Do you ever use magick in your creative process? What is that whole process like for you, ritualistically?
One of the formal practices that I have used a lot of times, is doing Tarot as a way of guiding. A way of getting insight into what I should be doing and/or what I gain insight into aspects of the writing process that I wasn’t necessarily cautiously aware of. It feels sometimes like having a reading group or a workshop there, like when someone gives you feedback about something that you hadn’t thought of before or you hadn’t considered. Tarot will help trigger that. It’s like, “Oh, maybe I should examine this aspect of the narrative.” I think it’s a bit cliché. I guess I think I see art as a form of magick in that you are making the internal, external. You’re creating a physical manifestation of your interior life. Because it’s not just about writing words or people seeing sentences. Ideally, it can be about transferring your consciousness to someone else. You aren’t just reading about it, ideally you’re feeling some of the same things that the creator was feeling. You’re maybe even having visualizations of the creator and they’re mingling with your own dreams and your own experiences. At its highest I think that art-feel is like sharing consciousness with each other. Your memories are mixing with the author’s memories and creating something new that doesn’t exist for maybe anyone else.
As the author you’re putting your will onto the world, right? That whole “Do what thou wilt” type of mentality. When it comes to horror, the key element is that it’s afflicting people. It’s creating a certain level of discomfort. It’s not just that there’s tension and suspense, but there’s a skin crawliness to the work. When it comes to afflicting readers, what is the end goal when we’re trying to make a reader uncomfortable? Why are we doing that?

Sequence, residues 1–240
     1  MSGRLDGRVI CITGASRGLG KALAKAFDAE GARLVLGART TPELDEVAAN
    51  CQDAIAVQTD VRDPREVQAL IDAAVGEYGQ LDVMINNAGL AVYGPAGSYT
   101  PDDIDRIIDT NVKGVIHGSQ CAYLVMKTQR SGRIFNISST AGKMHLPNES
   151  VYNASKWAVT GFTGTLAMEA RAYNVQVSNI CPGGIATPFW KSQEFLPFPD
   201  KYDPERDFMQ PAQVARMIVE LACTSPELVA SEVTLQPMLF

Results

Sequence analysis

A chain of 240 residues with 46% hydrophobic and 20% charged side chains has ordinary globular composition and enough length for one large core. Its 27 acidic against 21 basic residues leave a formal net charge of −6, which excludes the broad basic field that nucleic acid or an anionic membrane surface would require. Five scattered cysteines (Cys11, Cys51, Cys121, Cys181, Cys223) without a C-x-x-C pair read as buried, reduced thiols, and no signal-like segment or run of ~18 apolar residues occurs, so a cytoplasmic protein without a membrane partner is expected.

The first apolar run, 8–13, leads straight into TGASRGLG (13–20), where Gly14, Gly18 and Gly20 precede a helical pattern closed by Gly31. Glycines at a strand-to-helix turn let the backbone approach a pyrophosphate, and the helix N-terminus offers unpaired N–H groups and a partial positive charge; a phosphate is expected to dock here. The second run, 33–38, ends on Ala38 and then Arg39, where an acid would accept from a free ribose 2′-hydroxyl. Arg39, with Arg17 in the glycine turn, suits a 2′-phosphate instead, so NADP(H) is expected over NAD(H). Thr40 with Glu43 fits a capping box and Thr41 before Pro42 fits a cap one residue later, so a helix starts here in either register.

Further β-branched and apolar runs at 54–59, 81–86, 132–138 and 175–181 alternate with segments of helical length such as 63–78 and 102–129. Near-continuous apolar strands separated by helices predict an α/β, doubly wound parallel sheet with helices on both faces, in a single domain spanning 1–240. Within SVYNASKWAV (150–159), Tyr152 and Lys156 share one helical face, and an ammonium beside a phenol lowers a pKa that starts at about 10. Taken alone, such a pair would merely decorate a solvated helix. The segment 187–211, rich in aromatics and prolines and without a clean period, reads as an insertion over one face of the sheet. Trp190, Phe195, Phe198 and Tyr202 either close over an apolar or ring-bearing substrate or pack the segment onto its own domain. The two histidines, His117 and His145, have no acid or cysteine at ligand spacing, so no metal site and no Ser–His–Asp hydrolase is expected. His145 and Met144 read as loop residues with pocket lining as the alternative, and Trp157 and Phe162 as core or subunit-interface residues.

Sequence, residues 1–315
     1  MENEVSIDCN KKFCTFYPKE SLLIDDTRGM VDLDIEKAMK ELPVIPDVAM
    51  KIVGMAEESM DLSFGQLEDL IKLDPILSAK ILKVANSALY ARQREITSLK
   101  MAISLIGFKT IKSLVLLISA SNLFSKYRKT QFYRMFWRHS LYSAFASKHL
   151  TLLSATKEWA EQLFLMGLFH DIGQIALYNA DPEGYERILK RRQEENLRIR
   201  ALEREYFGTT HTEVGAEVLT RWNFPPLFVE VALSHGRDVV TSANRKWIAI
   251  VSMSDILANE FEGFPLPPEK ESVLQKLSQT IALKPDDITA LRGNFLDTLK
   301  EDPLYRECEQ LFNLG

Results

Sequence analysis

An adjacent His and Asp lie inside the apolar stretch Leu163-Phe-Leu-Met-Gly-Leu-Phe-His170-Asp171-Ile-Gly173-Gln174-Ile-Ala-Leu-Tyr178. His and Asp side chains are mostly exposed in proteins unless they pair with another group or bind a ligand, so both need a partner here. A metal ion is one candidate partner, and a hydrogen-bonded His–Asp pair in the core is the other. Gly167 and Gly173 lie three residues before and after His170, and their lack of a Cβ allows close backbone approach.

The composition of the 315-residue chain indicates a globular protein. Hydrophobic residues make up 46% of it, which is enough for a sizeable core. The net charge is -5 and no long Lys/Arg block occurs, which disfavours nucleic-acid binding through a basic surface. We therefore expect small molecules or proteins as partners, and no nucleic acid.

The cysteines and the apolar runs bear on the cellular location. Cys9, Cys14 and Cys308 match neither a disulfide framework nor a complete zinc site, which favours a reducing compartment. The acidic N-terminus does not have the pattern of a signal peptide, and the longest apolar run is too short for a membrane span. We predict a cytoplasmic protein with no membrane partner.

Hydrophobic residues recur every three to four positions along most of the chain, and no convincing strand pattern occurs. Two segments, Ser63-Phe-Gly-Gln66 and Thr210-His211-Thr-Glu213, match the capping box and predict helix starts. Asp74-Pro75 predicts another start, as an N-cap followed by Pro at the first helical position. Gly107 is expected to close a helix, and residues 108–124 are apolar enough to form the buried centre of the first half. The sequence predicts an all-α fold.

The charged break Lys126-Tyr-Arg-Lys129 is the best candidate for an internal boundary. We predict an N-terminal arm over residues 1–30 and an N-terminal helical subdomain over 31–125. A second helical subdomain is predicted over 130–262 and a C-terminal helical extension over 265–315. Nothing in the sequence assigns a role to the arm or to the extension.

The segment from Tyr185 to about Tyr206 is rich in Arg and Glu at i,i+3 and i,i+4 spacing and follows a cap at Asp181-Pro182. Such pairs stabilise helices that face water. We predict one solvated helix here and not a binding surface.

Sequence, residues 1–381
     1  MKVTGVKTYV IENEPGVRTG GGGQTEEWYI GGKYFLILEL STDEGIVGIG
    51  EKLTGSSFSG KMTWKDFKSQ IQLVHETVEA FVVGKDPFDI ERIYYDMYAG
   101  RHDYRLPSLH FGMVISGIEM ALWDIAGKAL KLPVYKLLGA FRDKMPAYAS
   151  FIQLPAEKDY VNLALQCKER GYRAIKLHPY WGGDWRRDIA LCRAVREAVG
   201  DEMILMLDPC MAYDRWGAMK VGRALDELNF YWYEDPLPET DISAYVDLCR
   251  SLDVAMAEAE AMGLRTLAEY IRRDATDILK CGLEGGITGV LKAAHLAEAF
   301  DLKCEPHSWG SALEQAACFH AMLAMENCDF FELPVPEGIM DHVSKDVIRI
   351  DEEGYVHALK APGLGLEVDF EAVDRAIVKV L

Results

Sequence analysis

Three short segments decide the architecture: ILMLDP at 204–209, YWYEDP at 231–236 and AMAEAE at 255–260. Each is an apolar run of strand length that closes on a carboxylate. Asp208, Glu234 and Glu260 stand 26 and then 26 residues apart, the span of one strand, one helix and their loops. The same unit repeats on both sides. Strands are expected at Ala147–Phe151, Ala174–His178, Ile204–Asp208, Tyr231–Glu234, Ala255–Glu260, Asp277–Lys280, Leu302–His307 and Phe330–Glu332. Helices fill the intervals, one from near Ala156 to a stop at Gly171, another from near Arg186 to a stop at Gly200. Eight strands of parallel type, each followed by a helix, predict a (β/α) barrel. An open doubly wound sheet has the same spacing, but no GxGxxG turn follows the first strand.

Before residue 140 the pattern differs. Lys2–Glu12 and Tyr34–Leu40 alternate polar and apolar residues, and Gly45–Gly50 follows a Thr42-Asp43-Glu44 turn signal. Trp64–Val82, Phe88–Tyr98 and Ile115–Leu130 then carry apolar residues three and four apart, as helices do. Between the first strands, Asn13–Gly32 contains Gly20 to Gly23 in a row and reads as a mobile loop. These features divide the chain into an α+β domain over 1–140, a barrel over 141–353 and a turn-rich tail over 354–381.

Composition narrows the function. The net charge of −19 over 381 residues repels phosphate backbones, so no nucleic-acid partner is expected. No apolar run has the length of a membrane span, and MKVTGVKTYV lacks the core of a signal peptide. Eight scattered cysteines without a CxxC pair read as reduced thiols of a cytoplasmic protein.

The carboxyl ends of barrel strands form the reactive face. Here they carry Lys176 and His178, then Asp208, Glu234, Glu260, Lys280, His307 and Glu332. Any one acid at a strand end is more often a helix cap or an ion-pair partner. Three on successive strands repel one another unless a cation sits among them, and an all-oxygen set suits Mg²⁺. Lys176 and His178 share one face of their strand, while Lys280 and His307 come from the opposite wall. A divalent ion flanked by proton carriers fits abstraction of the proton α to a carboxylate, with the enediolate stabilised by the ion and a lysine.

There’s something kind of thrilling about it. I mean, I think about that, too. Like when you’re reading something that makes you really uncomfortable or even challenges your values, it’s exciting. I think that we’ve both experienced that and we seek that out a little bit, speaking for myself definitely, where there’s the aspect of catharsis. That’s great and everything, but I think it’s very primordial. It tickles something. There’s this conflict that’s going on. There’s disgust as well as ecstasy happening there. I love when a book or a movie can convey that. I seek that out. I try to immerse myself in that. It just kind of comes in and out of that. That’s something that arguably, I want to do, too.
The last book I read was Frisk by Dennis Cooper and when I got through it I was like, “Whew.” What are some things you’ve read that have really afflicted you, that you would recommend?
Just to talk about Frisk a little more, it gets really rough. It encapsulates what we talk about, that disgusting, long side of the sublime or the disgusting becomes the sublime that you have to be taken through, dragged through the gutter and dragged through hell to have that kind of release at the end. It’s amazing that we can do this. This is like we’re able to dream of anything that we want and we’re able to convey that. We’re able to communicate that. We’re able to create our own world. Even to have those instincts. Yeah, that just blew my mind.